The parental concern idea is added onto later on when Eddie says that he is “responsible for you (Catherine)” showing that he feels as though he is obligated to protect her and keep her from harm. Additionally when Catherine tells Eddie of her new job he tells her that it “ain’t what I wanted”. While this can once again be chalked up to Eddie’s parental concern for Catherine and his desire for her to finish school it seems as if the underlying message is that Eddie wants to control Catherine into doing things that he deems as acceptable rather than giving her the freedom to choose her own life. Eddie’s wish for Catherine to not pursue the job offer she had been given might be explained by the fact that he sees her as the “Madonna type”.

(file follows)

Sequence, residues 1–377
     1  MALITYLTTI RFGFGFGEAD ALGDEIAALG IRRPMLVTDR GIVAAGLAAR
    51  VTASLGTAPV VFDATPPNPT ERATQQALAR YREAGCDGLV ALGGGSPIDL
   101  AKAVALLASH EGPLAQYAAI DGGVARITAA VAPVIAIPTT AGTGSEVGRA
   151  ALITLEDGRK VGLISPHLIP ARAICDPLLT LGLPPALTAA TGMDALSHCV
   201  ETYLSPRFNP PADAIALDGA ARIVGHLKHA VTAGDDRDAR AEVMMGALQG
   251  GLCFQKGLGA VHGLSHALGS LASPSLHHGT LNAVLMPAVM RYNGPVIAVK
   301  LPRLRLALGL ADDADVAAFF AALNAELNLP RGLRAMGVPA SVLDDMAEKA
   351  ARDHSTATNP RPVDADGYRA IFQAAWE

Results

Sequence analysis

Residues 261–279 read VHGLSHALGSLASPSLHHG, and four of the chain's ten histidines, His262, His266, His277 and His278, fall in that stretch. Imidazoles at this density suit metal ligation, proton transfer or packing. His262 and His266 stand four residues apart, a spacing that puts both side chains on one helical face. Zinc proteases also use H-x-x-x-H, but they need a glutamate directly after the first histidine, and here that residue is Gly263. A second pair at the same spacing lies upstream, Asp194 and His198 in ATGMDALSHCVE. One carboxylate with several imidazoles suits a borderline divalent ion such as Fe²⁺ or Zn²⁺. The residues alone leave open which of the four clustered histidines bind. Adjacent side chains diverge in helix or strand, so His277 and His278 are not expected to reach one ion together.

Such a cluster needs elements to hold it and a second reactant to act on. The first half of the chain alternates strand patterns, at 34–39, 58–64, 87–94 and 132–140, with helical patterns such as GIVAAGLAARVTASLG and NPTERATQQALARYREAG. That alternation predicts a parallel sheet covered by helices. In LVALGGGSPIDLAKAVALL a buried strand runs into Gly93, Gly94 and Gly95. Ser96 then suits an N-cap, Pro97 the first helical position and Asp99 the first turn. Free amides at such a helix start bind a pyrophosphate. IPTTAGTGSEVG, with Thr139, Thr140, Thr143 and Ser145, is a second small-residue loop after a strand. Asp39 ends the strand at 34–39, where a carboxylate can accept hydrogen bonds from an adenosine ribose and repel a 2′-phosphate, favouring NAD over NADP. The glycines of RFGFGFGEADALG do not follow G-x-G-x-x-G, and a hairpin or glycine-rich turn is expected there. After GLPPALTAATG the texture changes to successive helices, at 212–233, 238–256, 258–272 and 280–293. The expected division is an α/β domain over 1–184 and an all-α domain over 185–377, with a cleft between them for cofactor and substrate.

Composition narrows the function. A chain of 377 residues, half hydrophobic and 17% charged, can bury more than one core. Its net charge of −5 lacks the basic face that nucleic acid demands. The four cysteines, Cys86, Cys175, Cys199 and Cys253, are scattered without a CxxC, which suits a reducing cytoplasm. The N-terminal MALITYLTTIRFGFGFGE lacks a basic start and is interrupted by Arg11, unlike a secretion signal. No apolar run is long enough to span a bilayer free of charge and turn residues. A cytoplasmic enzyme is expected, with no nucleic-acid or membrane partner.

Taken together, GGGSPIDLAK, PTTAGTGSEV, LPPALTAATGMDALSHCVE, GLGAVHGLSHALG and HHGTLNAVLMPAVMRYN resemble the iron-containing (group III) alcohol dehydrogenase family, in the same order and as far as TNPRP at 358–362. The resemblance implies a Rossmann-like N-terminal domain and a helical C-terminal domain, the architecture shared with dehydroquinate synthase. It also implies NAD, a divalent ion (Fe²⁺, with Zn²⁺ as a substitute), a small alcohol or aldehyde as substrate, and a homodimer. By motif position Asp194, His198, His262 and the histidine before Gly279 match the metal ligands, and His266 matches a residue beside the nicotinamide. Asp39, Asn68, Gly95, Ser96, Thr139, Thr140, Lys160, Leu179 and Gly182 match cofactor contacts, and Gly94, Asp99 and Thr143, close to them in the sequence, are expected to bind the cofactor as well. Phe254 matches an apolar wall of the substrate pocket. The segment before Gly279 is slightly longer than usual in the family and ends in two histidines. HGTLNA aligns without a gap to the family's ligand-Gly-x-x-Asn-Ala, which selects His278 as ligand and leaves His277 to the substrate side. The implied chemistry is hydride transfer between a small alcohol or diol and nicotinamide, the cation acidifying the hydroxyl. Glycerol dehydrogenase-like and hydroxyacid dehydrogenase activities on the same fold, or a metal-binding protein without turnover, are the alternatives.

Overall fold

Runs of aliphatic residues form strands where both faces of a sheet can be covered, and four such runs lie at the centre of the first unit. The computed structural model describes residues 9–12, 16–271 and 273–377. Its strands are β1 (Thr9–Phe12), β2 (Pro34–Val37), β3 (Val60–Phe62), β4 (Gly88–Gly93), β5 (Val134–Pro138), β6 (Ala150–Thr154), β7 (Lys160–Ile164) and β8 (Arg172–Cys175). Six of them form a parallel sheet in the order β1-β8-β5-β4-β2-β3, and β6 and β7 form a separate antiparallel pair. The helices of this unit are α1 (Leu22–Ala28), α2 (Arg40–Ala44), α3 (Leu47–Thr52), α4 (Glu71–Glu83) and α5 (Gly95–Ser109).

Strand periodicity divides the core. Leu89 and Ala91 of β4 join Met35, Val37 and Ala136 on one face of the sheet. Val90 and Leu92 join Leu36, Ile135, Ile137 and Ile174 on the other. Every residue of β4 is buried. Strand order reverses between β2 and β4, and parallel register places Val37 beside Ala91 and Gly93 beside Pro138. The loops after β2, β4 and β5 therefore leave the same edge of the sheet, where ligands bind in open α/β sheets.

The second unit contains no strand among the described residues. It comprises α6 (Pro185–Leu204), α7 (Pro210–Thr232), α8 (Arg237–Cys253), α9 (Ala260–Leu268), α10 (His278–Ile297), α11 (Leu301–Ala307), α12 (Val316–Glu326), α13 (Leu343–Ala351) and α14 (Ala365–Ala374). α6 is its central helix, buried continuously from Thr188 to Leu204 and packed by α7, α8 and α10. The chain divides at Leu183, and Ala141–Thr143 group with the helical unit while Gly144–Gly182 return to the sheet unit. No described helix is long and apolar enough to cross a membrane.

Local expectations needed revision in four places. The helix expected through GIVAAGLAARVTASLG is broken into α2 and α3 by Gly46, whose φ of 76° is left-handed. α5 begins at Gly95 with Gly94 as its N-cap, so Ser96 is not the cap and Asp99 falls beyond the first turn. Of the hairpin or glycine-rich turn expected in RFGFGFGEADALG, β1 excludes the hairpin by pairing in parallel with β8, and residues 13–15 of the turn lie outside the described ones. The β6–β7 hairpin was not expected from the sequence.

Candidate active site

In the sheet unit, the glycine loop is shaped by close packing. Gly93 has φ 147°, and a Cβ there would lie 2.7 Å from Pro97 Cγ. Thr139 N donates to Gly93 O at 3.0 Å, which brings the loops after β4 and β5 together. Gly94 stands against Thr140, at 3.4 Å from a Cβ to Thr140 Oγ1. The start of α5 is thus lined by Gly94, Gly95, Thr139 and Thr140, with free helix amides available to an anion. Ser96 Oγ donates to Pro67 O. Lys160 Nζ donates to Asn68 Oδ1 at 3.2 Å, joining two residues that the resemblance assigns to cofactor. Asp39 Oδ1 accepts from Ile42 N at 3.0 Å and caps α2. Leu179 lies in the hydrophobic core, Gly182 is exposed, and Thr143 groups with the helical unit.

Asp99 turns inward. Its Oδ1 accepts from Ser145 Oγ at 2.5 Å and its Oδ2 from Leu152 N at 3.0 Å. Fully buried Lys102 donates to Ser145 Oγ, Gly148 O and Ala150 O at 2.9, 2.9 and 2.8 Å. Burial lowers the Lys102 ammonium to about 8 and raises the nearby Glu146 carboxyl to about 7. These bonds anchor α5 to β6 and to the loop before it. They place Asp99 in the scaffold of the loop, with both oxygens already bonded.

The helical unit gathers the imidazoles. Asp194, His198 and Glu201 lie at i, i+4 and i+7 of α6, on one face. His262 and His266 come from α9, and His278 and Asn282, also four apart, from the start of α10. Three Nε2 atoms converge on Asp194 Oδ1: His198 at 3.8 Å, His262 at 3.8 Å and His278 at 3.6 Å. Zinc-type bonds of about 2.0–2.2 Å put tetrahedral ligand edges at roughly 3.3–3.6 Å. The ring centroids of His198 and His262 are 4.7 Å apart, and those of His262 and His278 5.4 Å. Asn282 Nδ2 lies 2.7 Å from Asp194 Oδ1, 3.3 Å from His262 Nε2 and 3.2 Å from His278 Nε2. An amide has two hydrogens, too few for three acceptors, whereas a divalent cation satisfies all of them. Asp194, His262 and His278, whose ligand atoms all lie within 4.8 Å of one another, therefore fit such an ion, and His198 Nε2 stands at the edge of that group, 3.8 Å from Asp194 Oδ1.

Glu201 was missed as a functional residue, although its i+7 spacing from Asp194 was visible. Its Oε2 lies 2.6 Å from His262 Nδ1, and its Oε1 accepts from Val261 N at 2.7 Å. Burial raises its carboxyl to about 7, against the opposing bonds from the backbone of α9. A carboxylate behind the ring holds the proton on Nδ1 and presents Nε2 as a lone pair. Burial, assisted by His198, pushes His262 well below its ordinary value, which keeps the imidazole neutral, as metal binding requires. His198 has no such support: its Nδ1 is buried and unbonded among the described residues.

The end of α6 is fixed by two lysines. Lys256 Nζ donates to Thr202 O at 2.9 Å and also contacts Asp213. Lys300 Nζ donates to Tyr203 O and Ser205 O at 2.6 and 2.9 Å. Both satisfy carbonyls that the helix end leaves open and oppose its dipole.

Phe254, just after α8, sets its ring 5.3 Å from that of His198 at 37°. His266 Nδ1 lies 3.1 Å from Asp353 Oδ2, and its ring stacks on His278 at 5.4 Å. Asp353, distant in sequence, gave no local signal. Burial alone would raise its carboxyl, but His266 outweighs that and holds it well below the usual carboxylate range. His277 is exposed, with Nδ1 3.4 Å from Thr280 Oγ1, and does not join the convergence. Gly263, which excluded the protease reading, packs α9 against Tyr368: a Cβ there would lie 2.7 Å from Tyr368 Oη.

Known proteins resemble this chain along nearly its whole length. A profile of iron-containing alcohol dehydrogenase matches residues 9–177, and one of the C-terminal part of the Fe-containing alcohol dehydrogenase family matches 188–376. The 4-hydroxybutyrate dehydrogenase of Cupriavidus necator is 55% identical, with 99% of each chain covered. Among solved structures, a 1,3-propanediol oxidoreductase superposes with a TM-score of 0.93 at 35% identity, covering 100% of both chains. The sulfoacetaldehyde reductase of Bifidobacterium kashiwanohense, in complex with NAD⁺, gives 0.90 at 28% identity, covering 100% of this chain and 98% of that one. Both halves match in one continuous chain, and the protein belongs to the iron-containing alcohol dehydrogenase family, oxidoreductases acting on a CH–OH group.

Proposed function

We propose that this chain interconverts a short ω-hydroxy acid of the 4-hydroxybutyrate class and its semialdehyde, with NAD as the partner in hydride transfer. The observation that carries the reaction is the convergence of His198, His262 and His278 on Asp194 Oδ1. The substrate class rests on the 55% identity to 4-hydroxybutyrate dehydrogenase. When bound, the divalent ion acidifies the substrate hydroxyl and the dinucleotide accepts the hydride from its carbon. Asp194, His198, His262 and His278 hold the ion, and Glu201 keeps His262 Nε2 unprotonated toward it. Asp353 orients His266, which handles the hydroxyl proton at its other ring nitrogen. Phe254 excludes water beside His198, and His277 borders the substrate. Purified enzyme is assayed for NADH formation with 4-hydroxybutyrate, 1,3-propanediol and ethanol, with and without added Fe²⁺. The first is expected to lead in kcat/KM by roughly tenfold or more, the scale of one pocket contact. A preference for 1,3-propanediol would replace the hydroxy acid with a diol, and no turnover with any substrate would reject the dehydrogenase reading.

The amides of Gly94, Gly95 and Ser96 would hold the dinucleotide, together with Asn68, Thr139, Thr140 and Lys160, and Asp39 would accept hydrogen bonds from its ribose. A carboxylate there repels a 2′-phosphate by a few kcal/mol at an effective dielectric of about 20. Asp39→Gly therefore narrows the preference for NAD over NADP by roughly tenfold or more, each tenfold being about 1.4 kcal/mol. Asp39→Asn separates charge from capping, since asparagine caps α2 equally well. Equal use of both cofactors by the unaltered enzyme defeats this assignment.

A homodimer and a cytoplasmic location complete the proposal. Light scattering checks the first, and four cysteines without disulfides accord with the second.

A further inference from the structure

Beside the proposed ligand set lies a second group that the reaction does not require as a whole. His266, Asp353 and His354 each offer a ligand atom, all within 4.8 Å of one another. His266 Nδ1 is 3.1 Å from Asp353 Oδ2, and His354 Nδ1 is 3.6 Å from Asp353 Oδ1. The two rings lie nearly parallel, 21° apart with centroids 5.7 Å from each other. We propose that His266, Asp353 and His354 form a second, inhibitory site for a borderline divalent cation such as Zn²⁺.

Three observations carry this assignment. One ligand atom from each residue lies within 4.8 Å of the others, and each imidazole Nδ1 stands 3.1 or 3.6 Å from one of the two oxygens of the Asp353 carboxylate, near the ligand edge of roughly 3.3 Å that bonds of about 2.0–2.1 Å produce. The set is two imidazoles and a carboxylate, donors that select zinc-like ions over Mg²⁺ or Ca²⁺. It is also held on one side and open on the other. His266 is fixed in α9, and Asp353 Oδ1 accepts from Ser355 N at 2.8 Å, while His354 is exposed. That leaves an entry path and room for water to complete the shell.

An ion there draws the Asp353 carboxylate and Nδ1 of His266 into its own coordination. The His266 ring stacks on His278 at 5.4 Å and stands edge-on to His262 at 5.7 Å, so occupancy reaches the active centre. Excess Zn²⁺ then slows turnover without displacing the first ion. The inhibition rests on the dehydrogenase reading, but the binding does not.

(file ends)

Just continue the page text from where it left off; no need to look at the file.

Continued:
At the time the play was set to be the Madonna type was to be morally and sexually pure, in reference to the Virgin Mary. The fact that Eddie says that she is “the Madonna type” shows that he is idealising her to an extreme and is also idolising her; he sees her at an impossibly high standard which she has no hope of actually being. Now it could be seen once again as a sort of parental pride for their child to be the Madonna type or it could be interpreted at Eddie seeing her as pure for him, further hinting to the romantic undertones in their relationship.
From the moment Beatrice enters the stage it is clear what her role is and where her importance lies. She is seen entering “wiping her hands with a towel”, it is clear from this point on that Beatrice will have a very domestic role and that within the story she plays the part of a housewife. Additionally what is also made clear is that the relationship between Beatrice and Eddie is not quite perfect. When the news is broken to her that her cousins have arrived in the country Beatrice, quite understandable, is moved to tears.